A college professor in the mid 1970s had asked his grandfather to speak of the most significant invention during his lifetime. Not the automobile, electricity, or space travel: he was most impressed by screened windows. They let in the breeze and kept out the flies, chickens and stray cats.
My mother, born in 1923, adored paper products, especially napkins and tissues. “Do you realize what a relief it is not to have to wash and iron snotty handkerchiefs?”
The little things, it seems, made the real difference.
New Year’s Eve of 1999 found me in Alabama with a friend. His grandmother, at 103, was in a nursing home, and the only person I knew with a foot in three centuries. Champagne and fine scotch, an elegant dinner and fireworks galore paled at this momentous landmark. Gram was ailing and failing, unable to string thoughts together, but still, she was 103.
Both days when we visited Gram, a crone rested in a wheelchair in the hall nearby: Mrs. Whitton. While most of the residents wore housecoats and slippers, she had on stockings and sensible brown shoes, a khaki polyester skirt and a beige and white flowered button-up blouse. Gray-blonde hair teased and sprayed, surely done each week in the beauty shop downstairs. Her eyes were dull and flat; but she wore lipstick. Bright red-orange lipstick. ALL over her mouth. And cheeks.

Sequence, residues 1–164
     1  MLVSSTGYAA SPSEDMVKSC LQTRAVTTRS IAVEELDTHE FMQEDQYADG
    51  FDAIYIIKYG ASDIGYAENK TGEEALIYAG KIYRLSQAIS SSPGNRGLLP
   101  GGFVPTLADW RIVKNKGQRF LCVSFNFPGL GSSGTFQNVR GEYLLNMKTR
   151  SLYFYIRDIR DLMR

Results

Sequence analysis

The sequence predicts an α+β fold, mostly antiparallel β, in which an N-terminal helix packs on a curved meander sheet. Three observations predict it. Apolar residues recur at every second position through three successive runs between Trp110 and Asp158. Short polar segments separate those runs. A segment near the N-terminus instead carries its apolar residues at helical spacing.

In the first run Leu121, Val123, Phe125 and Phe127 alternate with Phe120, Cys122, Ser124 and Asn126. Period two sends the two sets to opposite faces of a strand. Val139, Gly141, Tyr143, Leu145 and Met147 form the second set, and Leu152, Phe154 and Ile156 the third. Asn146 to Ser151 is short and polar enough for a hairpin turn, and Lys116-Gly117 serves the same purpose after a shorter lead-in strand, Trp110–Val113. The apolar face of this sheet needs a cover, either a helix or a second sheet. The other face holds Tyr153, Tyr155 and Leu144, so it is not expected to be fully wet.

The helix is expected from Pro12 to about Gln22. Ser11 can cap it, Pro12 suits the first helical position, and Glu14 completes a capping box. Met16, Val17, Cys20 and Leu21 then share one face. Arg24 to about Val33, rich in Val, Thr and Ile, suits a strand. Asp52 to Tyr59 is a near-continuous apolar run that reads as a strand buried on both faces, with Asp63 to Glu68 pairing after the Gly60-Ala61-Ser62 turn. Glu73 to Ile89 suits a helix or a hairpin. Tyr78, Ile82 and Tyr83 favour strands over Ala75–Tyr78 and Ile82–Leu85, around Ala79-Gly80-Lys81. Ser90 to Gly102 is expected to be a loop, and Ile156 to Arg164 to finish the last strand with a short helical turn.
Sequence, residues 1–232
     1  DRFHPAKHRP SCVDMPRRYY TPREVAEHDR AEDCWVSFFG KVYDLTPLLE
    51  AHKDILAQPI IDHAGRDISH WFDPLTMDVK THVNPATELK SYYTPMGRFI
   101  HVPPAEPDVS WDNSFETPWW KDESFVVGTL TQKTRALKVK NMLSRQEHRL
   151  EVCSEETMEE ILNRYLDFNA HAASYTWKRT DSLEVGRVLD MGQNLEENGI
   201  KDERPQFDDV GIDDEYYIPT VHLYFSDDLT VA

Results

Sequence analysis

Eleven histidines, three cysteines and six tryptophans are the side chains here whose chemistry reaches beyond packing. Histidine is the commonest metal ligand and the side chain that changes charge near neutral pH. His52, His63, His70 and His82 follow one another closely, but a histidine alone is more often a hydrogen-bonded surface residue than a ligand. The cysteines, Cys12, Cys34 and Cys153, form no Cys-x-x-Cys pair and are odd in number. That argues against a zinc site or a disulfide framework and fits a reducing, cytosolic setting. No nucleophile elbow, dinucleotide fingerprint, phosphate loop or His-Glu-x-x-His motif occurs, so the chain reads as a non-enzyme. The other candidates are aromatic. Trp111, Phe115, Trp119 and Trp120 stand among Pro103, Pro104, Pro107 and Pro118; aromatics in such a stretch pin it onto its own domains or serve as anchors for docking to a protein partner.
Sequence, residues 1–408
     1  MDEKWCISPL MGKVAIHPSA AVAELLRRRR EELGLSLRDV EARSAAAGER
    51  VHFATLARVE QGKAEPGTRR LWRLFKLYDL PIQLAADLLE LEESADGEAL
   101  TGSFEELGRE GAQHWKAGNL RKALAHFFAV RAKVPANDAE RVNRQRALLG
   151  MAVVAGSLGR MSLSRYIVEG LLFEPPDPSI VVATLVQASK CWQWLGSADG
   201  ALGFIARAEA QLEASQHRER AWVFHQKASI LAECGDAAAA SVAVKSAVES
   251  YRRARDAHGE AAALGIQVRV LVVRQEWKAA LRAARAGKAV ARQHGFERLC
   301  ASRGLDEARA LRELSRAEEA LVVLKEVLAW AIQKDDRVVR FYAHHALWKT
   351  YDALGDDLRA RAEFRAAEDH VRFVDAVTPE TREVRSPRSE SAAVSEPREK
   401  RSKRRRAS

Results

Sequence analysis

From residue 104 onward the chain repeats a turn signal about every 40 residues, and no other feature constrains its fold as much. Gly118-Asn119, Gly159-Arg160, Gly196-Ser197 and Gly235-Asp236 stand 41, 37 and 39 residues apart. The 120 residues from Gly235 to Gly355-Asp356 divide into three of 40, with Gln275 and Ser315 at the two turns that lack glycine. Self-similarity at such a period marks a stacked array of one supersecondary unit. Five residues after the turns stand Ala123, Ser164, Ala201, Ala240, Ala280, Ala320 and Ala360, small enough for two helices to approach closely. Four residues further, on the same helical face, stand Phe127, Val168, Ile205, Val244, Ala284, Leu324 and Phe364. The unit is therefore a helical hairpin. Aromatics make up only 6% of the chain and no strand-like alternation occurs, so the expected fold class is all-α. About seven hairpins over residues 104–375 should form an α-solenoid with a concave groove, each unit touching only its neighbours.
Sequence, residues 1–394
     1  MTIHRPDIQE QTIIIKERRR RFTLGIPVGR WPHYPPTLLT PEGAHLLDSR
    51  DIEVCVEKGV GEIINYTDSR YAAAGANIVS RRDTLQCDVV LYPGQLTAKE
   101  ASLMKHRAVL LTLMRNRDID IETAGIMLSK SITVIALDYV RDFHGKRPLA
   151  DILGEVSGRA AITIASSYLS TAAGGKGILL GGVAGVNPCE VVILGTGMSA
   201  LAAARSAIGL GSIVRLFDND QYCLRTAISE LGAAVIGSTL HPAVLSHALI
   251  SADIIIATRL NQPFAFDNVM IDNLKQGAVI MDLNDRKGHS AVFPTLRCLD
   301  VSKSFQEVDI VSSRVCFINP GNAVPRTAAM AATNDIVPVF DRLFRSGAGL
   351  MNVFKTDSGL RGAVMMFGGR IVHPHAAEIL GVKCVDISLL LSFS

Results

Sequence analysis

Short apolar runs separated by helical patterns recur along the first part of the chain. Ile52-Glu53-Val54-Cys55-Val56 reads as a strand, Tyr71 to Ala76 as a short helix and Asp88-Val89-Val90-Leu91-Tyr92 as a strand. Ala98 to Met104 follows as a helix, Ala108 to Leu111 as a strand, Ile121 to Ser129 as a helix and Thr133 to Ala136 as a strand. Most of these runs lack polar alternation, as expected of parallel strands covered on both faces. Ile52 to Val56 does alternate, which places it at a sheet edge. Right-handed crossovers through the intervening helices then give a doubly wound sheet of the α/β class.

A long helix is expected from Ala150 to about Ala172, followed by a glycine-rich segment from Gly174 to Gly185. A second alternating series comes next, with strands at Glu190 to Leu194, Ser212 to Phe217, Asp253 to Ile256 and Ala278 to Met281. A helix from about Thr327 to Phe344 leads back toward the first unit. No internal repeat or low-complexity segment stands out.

Lipstick by Picasso!
I almost laughed, but my Higher Self whopped me on back of the head. I began to rummage in my bag for a tissue, thinking to ask if I could help her wipe it off and put in on right.
A bigger psychic whop. I stopped and took a breath.
It was already on “right.”
Mrs. Whitton stared back at me blankly, but with a huge, glorious toothy smile, which the lipstick took — literally, from ear to ear.
My design school professor had been right: more than 20 years later, I felt the depth of his teaching. If I’m ever in Mrs. Whitton’s seat, wearing too much beige and a hairstyle 30 years out-of-date, with rare neuro-connections, I pray I remember the joy of a good lipstick.